Sushma Swaraj assures medical visa to Pakistani national; patient says 'after Allah you are our last hope'

External affairs minister Sushma Swaraj assured a medical visa to yet another Pakistani national who said that 'after Allah you are our last hope'

IANS November 26, 2017 09:48:43 IST
Sushma Swaraj assures medical visa to Pakistani national; patient says 'after Allah you are our last hope'

New Delhi: External affairs minister Sushma Swaraj on Saturday assured a medical visa to yet another Pakistani national who said that "after Allah you are our last hope".

"India will not belie your hope. We will issue the visa immediately," Sushma Swaraj tweeted in response to a request from Shahzaib Iqbal from Lahore who said that a medical visa was required for the liver transplant of his cousin.

"After ALLAH you are our last hope.. kindly allow islamabad embassy (meaning Indian High Commission) to issue us medical visa," Iqbal said in his Tweeter request.

Sushma Swaraj also assured medical visas to two other Pakistani nationals seeking medical visas.

"Yes. We will give you the medical visa," she said in response to a request from Sajida Baksh who said that she underwent a liver transplant but developed complications and now needed urgent follow-up.

She also assured a visa to Kishwar Sultana who is awaiting liver transplant in a hospital in Noida.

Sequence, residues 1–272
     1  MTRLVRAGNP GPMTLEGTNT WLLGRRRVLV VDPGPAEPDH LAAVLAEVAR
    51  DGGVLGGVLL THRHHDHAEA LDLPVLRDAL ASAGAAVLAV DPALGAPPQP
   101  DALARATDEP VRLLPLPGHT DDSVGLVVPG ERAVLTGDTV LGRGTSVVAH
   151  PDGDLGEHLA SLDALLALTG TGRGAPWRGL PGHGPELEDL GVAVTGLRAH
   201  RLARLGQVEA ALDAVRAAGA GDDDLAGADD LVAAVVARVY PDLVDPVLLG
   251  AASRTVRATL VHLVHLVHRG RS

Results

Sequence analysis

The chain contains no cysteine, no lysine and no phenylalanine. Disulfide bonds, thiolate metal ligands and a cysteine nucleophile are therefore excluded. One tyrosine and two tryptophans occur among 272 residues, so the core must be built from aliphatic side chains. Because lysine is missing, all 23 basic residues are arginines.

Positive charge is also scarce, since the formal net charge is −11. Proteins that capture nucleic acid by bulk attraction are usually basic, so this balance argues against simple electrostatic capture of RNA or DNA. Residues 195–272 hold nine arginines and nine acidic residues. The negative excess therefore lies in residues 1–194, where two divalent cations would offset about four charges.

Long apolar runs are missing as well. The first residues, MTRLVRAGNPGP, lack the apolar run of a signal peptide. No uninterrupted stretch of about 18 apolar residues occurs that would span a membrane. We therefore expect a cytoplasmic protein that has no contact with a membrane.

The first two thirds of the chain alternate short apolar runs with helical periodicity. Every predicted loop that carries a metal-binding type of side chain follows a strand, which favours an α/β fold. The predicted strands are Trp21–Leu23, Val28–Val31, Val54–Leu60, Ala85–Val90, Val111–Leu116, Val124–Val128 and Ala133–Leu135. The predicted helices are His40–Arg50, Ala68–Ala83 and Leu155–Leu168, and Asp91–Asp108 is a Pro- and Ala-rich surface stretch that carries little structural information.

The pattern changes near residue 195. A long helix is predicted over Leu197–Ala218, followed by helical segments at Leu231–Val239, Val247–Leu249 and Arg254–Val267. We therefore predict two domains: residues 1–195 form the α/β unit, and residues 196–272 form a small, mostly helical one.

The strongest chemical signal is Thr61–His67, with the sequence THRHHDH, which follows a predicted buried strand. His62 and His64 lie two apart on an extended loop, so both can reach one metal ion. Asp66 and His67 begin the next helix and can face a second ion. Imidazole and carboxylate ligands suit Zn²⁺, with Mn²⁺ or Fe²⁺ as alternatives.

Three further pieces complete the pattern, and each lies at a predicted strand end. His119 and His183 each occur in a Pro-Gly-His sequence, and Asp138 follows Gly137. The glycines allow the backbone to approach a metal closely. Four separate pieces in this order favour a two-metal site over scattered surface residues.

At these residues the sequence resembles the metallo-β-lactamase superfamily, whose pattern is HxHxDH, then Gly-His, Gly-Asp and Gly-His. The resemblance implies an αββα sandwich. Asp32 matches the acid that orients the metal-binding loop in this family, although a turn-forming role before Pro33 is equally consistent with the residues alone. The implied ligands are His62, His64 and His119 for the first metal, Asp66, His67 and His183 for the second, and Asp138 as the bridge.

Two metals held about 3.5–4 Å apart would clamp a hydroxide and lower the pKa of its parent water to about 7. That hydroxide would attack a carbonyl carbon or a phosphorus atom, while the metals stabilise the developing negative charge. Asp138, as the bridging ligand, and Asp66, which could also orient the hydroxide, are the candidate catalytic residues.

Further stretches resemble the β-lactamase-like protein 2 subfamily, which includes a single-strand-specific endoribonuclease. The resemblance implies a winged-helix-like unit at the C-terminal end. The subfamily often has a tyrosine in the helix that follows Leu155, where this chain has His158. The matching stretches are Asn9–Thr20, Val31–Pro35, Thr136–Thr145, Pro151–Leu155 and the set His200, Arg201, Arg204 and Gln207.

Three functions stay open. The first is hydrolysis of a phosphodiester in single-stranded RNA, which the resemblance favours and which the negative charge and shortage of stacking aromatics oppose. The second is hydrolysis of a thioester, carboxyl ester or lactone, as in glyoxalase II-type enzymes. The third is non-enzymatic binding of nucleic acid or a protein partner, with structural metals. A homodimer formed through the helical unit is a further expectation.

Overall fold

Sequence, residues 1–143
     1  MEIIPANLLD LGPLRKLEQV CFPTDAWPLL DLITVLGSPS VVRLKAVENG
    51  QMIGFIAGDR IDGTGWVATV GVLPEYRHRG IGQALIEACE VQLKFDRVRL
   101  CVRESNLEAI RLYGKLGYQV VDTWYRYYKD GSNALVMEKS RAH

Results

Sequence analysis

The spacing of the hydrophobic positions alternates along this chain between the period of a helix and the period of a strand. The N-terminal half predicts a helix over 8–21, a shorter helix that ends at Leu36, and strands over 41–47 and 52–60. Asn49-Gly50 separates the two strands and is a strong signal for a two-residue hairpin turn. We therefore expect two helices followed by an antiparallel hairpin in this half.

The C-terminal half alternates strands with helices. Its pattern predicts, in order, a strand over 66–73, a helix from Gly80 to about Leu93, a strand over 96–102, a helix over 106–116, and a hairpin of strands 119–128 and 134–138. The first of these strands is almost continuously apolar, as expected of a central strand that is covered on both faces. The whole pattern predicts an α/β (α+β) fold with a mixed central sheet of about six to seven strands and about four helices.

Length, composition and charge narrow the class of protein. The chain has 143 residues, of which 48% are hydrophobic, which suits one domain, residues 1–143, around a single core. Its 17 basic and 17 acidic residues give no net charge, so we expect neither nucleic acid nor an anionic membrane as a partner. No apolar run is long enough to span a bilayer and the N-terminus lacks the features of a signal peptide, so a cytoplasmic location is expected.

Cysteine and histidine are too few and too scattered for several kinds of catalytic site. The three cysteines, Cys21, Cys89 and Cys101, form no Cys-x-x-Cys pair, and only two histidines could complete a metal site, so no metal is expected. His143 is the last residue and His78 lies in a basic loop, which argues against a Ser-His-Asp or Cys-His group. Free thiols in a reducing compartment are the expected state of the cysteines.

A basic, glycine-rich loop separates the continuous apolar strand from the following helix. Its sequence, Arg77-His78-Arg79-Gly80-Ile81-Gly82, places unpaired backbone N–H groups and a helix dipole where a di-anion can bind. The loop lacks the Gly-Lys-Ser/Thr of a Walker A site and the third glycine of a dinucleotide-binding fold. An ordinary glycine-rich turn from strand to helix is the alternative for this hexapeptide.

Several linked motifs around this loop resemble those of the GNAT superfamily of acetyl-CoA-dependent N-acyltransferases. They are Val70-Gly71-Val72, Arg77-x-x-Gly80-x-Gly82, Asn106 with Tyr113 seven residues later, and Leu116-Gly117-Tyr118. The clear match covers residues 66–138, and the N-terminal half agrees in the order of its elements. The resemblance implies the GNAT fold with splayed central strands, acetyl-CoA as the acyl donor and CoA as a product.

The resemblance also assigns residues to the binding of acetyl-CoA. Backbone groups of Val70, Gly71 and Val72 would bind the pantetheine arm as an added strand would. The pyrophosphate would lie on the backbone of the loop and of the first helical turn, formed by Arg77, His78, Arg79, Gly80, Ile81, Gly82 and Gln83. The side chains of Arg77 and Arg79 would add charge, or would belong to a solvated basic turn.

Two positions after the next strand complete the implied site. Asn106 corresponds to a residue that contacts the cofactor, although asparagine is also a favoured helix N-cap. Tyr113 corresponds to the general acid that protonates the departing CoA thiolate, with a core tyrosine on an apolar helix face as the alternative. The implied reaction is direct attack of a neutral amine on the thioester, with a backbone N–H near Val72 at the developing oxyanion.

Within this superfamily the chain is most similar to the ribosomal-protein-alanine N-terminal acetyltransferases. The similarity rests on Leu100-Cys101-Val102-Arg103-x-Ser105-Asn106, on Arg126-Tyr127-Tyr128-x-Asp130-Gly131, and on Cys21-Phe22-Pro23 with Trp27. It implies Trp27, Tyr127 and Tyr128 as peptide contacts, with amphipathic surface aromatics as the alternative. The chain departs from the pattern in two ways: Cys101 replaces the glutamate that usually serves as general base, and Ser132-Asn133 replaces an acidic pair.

Sushma Swaraj assures medical visa to Pakistani national patient says after Allah you are our last hope

File image of xternals affairs minister Sushma Swaraj. PTI

On Independence Day, the Ministry of External Affairs had announced that India would provide medical visas to all bonafide Pakistani patients.

As ties between the two countries soured over various issues, the ministry had announced in May that only a letter of recommendation by then Pakistan Prime Minister's Foreign Affairs Advisor Sartaj Aziz would enable a Pakistani national to get a medical visa for India.

The action was termed "highly regrettable" by Islamabad, which said that asking for such a letter violated diplomatic norms and such a requirement had not been prescribed for any other country.

However, a patient from Pakistan-administered Kashmir, seeking treatment in New Delhi for liver tumour, was given a visa on 18 July.

Sushma Swaraj then said that he needed no recommendation from the Pakistani government for a medical visa because the territory "is an integral part of India".

Since 15 August, however, Pakistani nationals seeking medical treatment have not been denied visas.

Updated Date:

also read

West Indies vs Pakistan: Both teams agree to play revised four-match T20 series
First Cricket News

West Indies vs Pakistan: Both teams agree to play revised four-match T20 series

The two boards were forced into the alteration to the scheduled tour dates after West Indies' current ODI series against Australia was rocked by a positive Covid-19 test which saw Thursday's second match suspended.

'Wouldn't say such a stupid thing': Pakistan's Imran Khan backtracks on rape comments
World

'Wouldn't say such a stupid thing': Pakistan's Imran Khan backtracks on rape comments

Last month, the Pakistani prime minister's comments on sexual violence drew severe backlash after he suggested that avoiding 'temptation in society' is the way to prevent sexual violence against women

Herschelle Gibbs accuses BCCI of pressuring him to not play in Kashmir Premier League
First Cricket News

Herschelle Gibbs accuses BCCI of pressuring him to not play in Kashmir Premier League

According to Kashmir Premier League, four players from England and one each from South Africa and Sri Lanka have refused to play in the KPL after being pressured by the BCCI.